Lima to Cusco to Pisac

We arrived late in the evening in Lima and were escorted to a hostel in Miraflores, about 45 minutes from the airport. The Hostal El Patio was charming and musty. The rooms were arranged around a courtyard filled with lush, flowering plants and brightly painted walls.

Our flight to Cusco left Lima at 10 am the next morning, which meant little sleep since we didn’t get in until after midnight the night before. We had no time to explore Lima but were excited to be heading straight to the beauty of the high country. As we gained in altitude heading inland, the Andes Mountains revealed themselves through the parting clouds: high and dry with green river valleys and distant snow capped peaks.

In Cusco, we walked around in a high altitude daze. Fatigued from little sleep and the sudden 11,200 feet of elevation gain, I wondered how we would manage to do our trek over a 15,000 foot mountain pass if just walking around Cusco felt like a tremendous workout. Cusco, the former center of the Inca empire, means ‘navel of the earth’ and was laid out in the form of a puma, the animal that symbolized the Inca dynasty. While little of the original Inca city remains except a few walls and the ruins of Sacsayhuam├ín, the steep, winding cobbled streets and Spanish architecture are charming and worth spending some time to explore.

After a few hours of exploring, we rented a van to Pisac, where we would have our base of exploration at a retreat center below the Pisac ruins along the Urubamba River. Pisac is much smaller than Cusco, but one of three sacred centers to the Inca people: Pisac – the Serpent, Cusco – the Puma (the head of the empire), and Machu Picchu – the Condor.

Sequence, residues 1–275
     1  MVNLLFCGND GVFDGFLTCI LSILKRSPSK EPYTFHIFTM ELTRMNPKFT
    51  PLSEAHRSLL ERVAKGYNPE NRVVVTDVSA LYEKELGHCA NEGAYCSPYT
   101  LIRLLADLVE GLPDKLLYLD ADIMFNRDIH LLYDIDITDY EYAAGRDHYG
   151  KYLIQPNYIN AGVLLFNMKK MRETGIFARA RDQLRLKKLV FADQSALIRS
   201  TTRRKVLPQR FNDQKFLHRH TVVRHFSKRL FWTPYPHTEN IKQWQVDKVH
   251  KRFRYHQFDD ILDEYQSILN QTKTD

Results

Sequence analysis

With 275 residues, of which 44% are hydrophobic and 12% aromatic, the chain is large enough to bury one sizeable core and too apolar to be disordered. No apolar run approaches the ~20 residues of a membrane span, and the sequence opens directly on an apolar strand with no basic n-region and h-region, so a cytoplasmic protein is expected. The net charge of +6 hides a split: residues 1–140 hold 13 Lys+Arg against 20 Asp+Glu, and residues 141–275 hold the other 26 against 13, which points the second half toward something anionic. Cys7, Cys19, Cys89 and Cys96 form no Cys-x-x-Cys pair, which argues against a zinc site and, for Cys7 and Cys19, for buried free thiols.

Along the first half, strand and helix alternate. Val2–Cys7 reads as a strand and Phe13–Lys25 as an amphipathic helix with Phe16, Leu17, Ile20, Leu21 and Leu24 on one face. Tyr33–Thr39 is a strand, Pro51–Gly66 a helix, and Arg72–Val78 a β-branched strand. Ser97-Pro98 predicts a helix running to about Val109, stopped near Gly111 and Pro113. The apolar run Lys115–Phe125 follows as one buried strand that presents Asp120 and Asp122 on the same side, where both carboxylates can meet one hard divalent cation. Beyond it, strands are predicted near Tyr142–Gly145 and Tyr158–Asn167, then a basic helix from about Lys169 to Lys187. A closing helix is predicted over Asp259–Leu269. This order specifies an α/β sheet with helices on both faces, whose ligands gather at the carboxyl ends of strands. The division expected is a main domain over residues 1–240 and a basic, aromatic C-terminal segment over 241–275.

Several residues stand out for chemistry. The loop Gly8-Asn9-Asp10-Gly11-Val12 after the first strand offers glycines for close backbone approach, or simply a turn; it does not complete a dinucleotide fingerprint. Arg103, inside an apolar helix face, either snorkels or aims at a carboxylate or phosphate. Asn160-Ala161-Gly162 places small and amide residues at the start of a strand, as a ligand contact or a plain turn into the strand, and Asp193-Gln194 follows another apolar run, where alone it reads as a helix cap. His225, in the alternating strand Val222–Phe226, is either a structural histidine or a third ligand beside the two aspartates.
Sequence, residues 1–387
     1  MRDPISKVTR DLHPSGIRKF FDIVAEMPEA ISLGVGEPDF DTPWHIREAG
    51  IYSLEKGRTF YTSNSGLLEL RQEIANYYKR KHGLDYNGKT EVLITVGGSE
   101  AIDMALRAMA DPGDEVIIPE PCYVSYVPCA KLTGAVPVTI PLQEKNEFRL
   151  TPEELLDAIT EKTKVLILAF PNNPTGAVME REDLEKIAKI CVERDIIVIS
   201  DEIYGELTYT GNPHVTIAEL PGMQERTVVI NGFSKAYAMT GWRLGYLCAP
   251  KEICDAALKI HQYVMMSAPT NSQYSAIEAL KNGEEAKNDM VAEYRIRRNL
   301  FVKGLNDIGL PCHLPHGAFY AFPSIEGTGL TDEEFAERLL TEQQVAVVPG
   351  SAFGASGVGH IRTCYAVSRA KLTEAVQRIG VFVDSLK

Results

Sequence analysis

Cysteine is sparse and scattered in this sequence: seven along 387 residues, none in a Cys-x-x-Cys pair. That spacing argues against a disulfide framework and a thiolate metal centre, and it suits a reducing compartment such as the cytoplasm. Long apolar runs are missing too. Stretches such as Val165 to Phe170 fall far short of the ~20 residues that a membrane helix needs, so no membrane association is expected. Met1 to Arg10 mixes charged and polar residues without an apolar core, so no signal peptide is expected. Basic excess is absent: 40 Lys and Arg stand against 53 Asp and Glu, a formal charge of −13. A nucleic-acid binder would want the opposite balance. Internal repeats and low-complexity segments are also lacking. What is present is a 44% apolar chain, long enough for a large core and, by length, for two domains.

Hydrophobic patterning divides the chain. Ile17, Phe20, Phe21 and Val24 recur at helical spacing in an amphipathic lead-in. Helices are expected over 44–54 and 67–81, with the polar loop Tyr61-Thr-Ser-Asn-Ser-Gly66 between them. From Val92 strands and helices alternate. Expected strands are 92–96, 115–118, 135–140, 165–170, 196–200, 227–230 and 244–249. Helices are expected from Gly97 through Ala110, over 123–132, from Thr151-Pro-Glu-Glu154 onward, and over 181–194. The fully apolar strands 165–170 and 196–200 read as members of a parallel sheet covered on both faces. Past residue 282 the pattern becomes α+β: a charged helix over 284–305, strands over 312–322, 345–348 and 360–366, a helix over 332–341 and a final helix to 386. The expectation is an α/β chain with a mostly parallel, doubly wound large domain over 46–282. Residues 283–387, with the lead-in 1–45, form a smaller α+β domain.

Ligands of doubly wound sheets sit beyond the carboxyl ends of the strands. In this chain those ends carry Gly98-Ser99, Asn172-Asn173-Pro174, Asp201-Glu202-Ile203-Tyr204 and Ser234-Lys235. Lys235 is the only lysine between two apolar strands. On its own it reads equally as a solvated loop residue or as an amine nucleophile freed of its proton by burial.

The small town of Pisac hosts a large open air market every Tuesday, Thursday and Sunday, and we drank our first Pisco Sours (made with Pisco, lime juice, bitters, simple sugar, and whipped egg white) in a restaurant on the square. The food was amazing everywhere we went: quinoa pyramids, potatoes I didn’t even know existed, pomegranates in a sauce drizzled over alpaca ribs, cheeses, and huge, juicy corn.

The retreat center along the river was awe inspiring with towering mountains on either side of us cut through by the Urubamba River. The center is run by an American woman who has studied to become a healer in the Andes. She has fashioned a retreat for spiritual seekers to absorb the magnificence of this place in a quiet setting with full amenities, including a Chatres Labyrinth. Standing in the center of the labyrinth (whose design dates to the 1200s) looking up at the Inca ruins on the mountainside above built in the 1400s, I marveled at how I suddenly arrived at this awe inspiring place.

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